ATHENS (Reuters) - Greece and its international lenders were locked in marathon overnight talks to seal a multibillion-euro bailout deal on Tuesday, racing against a countdown to European Central Bank debt repayments falling due in days.
The indebted country is hoping to wrap up a deal for 86 billion euros ($94.75 billion) in fresh loans by Tuesday so it can get parliamentary and other approvals for aid to flow by Aug. 20, when a 3.2 billion euro debt payment is due to the ECB.
“We are going into the final round of talks, looking at the Memorandum of Understanding from beginning to end,” a senior Greek government official said during a brief break in talks in Athens, referring to terms of the bailout accord.
The latest round of negotiations started early on Monday afternoon.
An agreement would mark the end of a painful chapter on bailout talks for Greece, which fought against austerity terms demanded by creditors for much of the year before accepting a deal under the threat of being bounced out of the euro zone.
After lengthy negotiations on Sunday and Monday, Greek Finance Minister Euclid Tsakalotos said talks were going “quite well” and was optimistic that an agreement will be reached soon.
“I don’t know if it will be (Tuesday) morning, but soon means soon,” Tsakalotos told reporters.
A senior Greek government official said dealing with a mountain of non-performing loans in the banking sector remained a sticking point. Athens wants to set up a “bad bank” to handle this, while creditors want non-performing loans bundled and sold to distressed asset funds.
Officials also said the two sides had yet to agree on setting up a sovereign wealth fund in Greece designed to raise 50 billion euros from privatizations, three-quarters of which would be used to recapitalize banks and to decrease the debt.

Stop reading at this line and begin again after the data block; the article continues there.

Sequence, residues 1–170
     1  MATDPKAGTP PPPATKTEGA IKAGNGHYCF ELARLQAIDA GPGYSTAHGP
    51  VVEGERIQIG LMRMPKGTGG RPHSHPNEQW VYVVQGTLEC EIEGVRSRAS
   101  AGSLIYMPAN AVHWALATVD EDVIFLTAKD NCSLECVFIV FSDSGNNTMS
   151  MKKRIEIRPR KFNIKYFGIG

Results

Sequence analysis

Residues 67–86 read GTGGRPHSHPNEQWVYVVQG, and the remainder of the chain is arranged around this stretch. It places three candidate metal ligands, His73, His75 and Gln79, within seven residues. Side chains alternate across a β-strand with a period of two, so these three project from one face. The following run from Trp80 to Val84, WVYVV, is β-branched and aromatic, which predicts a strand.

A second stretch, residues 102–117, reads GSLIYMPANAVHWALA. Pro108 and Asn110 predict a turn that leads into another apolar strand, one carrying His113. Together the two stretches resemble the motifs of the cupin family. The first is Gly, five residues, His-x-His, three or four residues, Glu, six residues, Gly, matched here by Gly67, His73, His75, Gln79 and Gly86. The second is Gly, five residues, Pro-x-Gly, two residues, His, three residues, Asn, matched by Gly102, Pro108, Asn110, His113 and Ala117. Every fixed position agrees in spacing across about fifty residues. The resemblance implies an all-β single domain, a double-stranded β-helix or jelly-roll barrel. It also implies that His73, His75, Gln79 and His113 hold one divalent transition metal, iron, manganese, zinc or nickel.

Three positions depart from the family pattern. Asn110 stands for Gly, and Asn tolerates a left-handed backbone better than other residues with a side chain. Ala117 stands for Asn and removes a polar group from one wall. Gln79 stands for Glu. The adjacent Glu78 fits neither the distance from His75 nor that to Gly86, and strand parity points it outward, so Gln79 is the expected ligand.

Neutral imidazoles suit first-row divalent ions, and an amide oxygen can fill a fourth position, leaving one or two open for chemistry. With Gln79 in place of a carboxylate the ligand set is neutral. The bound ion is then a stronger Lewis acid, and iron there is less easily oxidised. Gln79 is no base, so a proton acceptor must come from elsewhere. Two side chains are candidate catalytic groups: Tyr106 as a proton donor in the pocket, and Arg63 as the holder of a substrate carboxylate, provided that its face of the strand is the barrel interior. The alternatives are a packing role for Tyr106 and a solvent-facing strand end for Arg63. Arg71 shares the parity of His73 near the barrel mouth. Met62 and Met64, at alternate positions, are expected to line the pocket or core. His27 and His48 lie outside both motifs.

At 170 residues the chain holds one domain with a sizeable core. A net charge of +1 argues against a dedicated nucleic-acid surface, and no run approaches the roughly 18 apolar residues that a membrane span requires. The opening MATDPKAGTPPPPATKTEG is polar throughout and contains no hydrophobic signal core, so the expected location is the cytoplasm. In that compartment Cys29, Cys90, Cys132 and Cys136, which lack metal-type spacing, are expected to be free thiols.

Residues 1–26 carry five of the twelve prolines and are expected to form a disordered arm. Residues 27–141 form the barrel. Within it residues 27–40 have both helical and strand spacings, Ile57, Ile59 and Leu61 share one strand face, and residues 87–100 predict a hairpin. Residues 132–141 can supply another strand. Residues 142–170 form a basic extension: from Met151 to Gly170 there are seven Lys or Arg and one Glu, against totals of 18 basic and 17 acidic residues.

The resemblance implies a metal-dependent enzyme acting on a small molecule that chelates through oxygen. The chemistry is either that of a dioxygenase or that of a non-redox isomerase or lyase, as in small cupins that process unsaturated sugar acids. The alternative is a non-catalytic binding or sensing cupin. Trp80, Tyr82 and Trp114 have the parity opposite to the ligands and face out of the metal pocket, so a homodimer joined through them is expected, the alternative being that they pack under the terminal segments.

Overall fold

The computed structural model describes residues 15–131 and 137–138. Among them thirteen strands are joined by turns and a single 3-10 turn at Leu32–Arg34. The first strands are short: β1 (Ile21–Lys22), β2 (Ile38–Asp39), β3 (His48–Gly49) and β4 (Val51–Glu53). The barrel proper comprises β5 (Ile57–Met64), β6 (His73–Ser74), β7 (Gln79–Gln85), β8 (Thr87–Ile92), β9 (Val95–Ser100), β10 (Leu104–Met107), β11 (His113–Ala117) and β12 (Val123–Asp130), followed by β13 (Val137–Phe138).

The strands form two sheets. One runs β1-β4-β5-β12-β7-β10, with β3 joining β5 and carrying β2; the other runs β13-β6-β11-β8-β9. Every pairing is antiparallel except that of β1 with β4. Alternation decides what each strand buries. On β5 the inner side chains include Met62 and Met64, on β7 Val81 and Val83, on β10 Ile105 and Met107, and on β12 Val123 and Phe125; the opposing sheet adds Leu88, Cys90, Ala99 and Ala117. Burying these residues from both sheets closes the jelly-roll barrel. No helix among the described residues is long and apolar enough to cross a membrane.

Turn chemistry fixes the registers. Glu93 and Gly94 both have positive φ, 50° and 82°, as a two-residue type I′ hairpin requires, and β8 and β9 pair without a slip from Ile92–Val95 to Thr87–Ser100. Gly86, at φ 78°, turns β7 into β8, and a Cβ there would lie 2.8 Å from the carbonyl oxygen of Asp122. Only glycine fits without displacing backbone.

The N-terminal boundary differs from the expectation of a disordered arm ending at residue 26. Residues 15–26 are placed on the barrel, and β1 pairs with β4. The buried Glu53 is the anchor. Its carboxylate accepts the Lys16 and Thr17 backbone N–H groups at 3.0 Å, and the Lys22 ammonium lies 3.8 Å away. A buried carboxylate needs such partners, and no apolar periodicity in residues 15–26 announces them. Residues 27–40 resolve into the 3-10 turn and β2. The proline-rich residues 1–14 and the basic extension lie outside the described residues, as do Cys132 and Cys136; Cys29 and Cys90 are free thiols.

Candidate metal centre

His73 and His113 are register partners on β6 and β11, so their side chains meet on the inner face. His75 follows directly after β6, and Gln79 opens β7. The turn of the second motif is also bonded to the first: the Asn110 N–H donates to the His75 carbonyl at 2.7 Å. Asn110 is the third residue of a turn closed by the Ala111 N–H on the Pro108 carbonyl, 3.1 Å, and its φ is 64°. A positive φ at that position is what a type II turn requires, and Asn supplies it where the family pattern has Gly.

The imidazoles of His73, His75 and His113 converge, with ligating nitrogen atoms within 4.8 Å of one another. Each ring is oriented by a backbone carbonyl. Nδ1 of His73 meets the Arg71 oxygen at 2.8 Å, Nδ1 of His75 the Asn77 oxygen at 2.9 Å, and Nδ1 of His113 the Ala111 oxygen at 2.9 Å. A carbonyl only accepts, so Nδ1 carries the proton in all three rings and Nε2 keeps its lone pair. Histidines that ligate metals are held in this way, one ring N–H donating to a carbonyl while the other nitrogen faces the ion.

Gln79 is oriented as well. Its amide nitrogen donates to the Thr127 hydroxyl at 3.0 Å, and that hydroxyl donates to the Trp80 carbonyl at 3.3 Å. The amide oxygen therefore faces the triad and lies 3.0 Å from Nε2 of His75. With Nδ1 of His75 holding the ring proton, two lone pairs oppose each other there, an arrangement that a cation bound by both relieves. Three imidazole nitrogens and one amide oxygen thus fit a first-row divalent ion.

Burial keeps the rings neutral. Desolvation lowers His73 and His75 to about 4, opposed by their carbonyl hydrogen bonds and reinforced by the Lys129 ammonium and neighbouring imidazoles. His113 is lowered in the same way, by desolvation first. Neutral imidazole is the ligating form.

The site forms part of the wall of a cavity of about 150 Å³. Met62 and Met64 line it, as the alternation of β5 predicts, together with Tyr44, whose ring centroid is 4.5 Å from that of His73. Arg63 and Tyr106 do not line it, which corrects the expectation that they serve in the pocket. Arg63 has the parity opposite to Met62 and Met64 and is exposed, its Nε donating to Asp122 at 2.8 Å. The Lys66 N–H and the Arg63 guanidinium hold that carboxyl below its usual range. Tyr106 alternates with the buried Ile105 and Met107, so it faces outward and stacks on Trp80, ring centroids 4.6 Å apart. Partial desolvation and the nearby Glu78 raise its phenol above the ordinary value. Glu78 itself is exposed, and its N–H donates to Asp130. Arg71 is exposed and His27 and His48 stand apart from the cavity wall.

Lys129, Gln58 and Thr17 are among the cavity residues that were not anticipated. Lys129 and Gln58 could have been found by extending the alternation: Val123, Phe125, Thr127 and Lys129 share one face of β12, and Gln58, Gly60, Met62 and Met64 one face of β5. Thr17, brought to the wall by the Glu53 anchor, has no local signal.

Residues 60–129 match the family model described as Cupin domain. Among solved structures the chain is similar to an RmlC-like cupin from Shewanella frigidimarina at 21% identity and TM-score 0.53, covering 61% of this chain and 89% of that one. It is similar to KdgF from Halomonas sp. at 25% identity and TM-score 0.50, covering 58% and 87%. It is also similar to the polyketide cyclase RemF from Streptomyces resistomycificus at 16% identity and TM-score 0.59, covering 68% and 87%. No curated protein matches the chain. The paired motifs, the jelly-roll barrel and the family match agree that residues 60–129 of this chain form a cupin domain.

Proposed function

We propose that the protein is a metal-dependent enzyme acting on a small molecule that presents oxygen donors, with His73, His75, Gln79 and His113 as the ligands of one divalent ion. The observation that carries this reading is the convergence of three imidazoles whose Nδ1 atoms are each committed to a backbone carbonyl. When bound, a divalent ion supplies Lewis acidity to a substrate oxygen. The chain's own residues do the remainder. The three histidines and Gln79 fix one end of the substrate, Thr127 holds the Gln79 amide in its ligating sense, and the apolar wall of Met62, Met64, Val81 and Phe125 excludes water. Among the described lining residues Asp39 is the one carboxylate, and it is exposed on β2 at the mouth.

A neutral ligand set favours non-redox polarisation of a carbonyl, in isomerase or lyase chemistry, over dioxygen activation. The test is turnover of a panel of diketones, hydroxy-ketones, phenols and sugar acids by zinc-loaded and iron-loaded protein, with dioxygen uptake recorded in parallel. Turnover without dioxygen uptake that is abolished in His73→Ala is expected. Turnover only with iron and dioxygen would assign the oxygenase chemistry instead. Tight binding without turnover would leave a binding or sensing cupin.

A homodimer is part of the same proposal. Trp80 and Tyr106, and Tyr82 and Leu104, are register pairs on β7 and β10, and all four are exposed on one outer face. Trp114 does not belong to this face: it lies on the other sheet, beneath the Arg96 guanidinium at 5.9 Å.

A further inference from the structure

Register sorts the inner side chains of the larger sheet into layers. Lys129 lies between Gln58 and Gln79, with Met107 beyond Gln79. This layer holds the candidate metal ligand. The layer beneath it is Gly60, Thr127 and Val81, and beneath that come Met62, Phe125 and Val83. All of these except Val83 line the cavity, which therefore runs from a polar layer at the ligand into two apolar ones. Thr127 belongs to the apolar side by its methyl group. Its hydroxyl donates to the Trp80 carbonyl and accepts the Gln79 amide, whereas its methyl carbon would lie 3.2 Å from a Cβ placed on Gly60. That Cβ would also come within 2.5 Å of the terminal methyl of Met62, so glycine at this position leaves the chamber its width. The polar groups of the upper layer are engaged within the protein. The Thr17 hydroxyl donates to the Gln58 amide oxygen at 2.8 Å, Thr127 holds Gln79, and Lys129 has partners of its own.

Both sides had agreed to deregulate the country’s natural gas market, sources said.
Greek banks could get an initial capital injection soon after a bailout deal is clinched, as much as 10 billion euros, even before the ECB completes a stress test, a euro zone official said on Monday.
The official said a test may not be finished before October, but that it was recognized that Greek banks urgently need capital to normalize their operations.
Popular misgivings run deep in Germany, the euro zone country that has already contributed most to Greece’s two bailouts since 2010, about funneling yet more money to Athens.
Berlin wants a deal that includes an ambitious budget plan, a credible privatization strategy and a sustainable pension reform, Finance Ministry spokesman Juerg Weissgerber said.
Greek officials have said they expect the bailout accord to be approved by Greece’s parliament on Wednesday or Thursday and then be vetted by euro zone finance ministers on Friday, paving the way for aid disbursements.
The bailout pact will be voted on in parliament as one bill with two articles - one on the loan agreement and memorandum of understanding and the second on the so-called prior actions that must be completed for aid to be released, a separate Greek official said. The negotiations began on July 20.
The two sides have agreed to set a budget surplus target before interest payments of zero percent this year, and expect the economy to shrink between 2.1 percent and 2.3 percent, a Greek official told Reuters.
In addition, the sides had agreed to a baseline scenario of a primary budget surplus of 0.5 percent of gross domestic product in 2016, and a primary surplus of 1.0 percent of GDP in 2017. The same scenario projected a 0.5 percent economic contraction in 2016, before registering 2.3 percent growth in 2017.
Additional reporting by Karolina Tagaris, writing By Michele Kambas, editing by G Crosse